Well, that's classical thinking.
The consequence is that problems do not get resolved on time: Users suffer, value is lost and the reputation of the IT department is tarnished.
|Obvious problems often don't get resolved in a timely manner - the loser is: everyone!|
What you see above is real data taken from an organization where some Scrum teams are responsible for creating features and another team is responsible for operating the platform.
Just taking this example, the biggest current issue is an encoding problem - something that happens in the "real world", but not in a controlled development environment: Continuous Integration was successful, a feature hit the market - and boom!
Separate ResponsibilitiesIn the example above, developers are busy churning out new features while SysOps are busy with fire-fighting.
Taken from the chart, it's been 3 days since the problem started - 3 days where SysOps are constantly stressed while developers are busy with stacking more features on top of existing problems.
XP proclaims "A Red Master is developers' Priority 1" --- well, whose priority 1 should a Red Production be? SysOps or everyone?
In a classic Kanban system, when the production line goes down, it should stop the entire machinery until the issue is resolved. This also holds true for agile teams: If anywhere in the organization, there is a problem, stop. Fix.
Don't go on producing more problems.
Perverse incentivesDevelopers are appreciated for delivering new features, while SysOps are appreciated for keeping the platform stable. Consequently, Devs prefer to work on new stuff rather than fixing existing stuff. Unfortunately, the organization as a whole suffers. Not rowing in the same direction can't yield any better results.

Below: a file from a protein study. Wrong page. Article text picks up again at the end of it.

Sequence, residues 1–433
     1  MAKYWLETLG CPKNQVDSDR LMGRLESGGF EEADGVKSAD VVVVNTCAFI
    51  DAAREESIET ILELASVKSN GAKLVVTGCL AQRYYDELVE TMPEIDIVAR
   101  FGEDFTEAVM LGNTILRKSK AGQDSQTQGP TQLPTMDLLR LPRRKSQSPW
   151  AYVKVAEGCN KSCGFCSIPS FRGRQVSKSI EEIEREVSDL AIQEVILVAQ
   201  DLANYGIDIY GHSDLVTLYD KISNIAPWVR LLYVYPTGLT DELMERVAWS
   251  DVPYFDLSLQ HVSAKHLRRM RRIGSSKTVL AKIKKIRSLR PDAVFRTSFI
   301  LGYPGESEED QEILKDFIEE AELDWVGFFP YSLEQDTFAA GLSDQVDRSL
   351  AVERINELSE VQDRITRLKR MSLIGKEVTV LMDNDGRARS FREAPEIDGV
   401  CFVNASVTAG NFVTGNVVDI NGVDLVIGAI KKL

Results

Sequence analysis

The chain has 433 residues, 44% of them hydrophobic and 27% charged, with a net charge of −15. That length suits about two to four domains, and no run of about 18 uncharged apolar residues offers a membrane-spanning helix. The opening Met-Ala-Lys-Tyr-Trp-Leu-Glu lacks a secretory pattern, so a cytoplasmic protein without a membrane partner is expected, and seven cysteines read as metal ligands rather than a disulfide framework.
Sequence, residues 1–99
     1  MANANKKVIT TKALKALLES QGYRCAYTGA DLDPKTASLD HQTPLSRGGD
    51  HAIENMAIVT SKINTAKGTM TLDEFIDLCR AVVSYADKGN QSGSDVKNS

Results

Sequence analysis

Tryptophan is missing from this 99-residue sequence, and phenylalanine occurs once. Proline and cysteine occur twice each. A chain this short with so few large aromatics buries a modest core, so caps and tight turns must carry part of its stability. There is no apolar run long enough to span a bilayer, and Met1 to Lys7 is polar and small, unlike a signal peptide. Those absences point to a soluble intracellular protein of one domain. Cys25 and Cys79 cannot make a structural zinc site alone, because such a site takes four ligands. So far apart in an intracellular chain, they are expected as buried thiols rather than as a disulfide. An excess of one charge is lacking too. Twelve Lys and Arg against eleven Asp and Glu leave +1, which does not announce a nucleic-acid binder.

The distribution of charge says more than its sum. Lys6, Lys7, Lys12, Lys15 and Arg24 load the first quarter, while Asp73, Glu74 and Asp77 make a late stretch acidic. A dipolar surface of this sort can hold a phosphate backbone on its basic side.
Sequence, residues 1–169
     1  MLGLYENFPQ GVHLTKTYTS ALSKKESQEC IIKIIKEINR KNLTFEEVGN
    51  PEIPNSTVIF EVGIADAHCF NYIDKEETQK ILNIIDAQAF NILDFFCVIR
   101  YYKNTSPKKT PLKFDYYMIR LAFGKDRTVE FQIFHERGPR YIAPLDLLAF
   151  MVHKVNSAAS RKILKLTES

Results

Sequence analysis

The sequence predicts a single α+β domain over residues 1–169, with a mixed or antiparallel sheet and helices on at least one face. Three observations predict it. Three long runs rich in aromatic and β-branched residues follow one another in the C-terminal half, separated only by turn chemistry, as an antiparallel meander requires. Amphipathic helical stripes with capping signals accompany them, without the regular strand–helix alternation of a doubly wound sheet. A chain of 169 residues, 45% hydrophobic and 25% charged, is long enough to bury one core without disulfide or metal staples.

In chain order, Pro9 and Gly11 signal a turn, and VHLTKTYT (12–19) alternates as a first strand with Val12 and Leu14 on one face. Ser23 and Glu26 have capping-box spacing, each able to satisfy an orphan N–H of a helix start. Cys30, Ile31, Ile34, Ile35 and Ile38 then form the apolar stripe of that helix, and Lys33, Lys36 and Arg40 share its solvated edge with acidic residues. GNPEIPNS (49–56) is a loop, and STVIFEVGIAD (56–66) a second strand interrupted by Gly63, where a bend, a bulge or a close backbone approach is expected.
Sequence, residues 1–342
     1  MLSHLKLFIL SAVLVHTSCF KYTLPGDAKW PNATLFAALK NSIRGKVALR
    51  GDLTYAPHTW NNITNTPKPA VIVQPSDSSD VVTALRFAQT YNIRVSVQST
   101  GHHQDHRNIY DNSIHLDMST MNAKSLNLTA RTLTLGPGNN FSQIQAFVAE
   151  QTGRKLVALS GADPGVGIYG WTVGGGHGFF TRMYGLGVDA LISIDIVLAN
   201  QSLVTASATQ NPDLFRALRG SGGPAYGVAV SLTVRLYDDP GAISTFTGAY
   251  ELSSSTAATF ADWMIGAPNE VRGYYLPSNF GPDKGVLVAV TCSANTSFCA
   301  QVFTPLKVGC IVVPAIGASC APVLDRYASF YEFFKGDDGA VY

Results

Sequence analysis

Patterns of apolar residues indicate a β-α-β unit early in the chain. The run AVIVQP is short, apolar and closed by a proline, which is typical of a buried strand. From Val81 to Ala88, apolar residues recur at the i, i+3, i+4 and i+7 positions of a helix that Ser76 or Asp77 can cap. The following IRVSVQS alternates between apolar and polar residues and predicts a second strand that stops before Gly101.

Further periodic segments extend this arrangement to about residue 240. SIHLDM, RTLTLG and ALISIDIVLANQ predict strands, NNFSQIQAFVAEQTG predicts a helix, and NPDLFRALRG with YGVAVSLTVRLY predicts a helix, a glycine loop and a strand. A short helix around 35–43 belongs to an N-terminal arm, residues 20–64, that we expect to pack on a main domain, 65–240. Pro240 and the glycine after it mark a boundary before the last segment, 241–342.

The very fact that people have different incentives here implies is a problem with autonomy and self-organization!
You must align the incentives of everyone working on the product, not only "development team".
Definition of "Done"Regarding developers higher for delivering a new feature than making an old feature stable yields the problem above: "Just add a new story into the Product Backlog and we'll deliver it with the next sprint." - while this is a classic approach to Agile Software development "There are no bugs, missing Acceptance Criteria are new stories" and Scrum's "The Sprint is Closed towards modification".
This is a severe misunderstanding: Can you actually consider a story "Done" when it causes problems to the customer?
When you see that there's an operative problem with a new feature, it means that in your retrospective, you should put your DoD under scrutiny.
DevOps: A solutionAs the agile proverb goes, "You build it, you run it."
As long as developers do not feel the operational pain, they are not interested in removing it. Likewise, as long as SysOps are unable to fix the root cause of a problem in source code, they become apathic towards code-related problems.
Moving both the operative problem as well as the solution space into the team's sphere of responsibility, developers will take an interest not only in the code they write and how it meets the acceptance criteria, but also how the code actually performs in the real world.
Organizationally, this can be done as simple as moving a SysOp into the development team and then holding the team accountable for events on the productive platform.
The Developers become Dev-Ops who will come up with innovative solutions to detect, analyse and prevent problems. A DevOps can solve issues in a fashion that would be completely unthinkable for a SysOp who is confronted with a "build ready" black box software.
The above screenshot was taken from Medullar, towards which I, personally, am completely biased. I am one of the core developers of this easy to use, open source, cloud-based, universal monitoring and problem solving solution which was designed to require minimum levels of intrusion and resource capacity while offering maximum flexibility.
Medullar allows you not only to detect and analyse problems in any kind of environment. It provides an API and UI to remedy them in real time. It even comes bundled with it's own test framework, so you don't need anything else to improve your operative performance.